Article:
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From hunting to farming

I will sketch out food-related scenarios, which are surprisingly standard in that they have caused successful and dominant nations, or societies, to reach a peak, and then head into decline. Invariably the underlying reason for their political collapse was not because they lost military power, but because they could no longer feed themselves adequately. Warfare and military losses were frequently the consequence, not the cause.

In more ancient historical periods, the food or water shortages were a mixture of poor agricultural techniques, adverse weather conditions, or both. Additionally, a typical drain on the agricultural resources for successful nations has been a rapid rise in the total population and development of ever-larger cities. The pattern of moving from living at the source of the food, in a small farm or hamlet, to being dependent on other producers and transport systems, automatically introduces a measure of vulnerability. Long-term survivors were generally nations that had managed to solve storage problems of food and water to carry them through lean periods. Nevertheless, prolonged droughts (or floods) were invariably the final blow.

A very localized and present example is apparent from the role of technology and transport, which both introduce serious potential weaknesses, for example, at the local neighbourhood level. In the UK, the supermarket food chains keep many types of food that need restocking every few days. This puts them at risk if there are snowstorms, fog, industrial actions, fuel shortages, or other events that interfere with the smooth flow of their supply chains. Electrical power loss can similarly result in many difficulties as it will destroy frozen and chilled goods, as well as making it difficult to operate the stores. I recently saw a local supermarket dumping the entire content of some freezers, as their equipment could not cope with a minor heat wave, so it is not just power losses that cause such wastage. Prolonged loss of transport and power causes chaos, and there are daily images of the consequences from news of war zones.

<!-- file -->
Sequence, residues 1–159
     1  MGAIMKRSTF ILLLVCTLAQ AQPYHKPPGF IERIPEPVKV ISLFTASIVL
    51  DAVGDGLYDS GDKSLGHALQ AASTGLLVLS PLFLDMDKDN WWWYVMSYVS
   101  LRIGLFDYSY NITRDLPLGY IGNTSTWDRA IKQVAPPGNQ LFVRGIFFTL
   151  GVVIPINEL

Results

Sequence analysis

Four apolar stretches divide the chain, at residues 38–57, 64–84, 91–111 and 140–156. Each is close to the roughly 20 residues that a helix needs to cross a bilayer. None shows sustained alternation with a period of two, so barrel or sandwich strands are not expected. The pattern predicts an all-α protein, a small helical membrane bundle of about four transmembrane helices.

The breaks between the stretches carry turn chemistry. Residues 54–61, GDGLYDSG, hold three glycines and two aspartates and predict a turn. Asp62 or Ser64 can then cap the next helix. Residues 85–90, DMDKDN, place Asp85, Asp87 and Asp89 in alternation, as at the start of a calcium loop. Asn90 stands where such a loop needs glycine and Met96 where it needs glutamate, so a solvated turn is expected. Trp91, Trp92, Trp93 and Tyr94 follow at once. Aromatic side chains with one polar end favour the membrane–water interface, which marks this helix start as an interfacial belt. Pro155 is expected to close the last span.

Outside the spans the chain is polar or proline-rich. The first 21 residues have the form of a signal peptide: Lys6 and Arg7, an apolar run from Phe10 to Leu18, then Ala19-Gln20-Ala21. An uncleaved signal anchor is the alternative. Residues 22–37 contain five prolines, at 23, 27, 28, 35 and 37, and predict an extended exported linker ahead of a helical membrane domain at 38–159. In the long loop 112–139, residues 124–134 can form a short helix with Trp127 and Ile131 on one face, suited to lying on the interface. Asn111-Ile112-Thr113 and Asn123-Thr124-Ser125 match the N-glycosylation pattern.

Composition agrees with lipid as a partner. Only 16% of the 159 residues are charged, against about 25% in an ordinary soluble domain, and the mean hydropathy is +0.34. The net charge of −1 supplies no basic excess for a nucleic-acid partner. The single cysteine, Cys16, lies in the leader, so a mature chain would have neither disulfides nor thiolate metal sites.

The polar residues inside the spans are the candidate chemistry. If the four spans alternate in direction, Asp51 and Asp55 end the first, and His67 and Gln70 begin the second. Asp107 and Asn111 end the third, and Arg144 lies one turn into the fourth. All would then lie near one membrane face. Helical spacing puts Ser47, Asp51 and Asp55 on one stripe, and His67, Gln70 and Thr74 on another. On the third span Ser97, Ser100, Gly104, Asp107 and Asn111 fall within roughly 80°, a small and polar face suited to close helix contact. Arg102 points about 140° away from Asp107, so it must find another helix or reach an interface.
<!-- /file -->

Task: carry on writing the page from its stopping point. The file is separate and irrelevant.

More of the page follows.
In a few paragraphs, I will offer a very simplistic perspective on how we moved from the hunter-gatherer phase into an agriculture-based one. There are many books and articles offering numerous examples and great detail, and for more in-depth discussion, one book I particularly liked was by Evan Fraser and Andrew Rimas, entitled Empires of Food.

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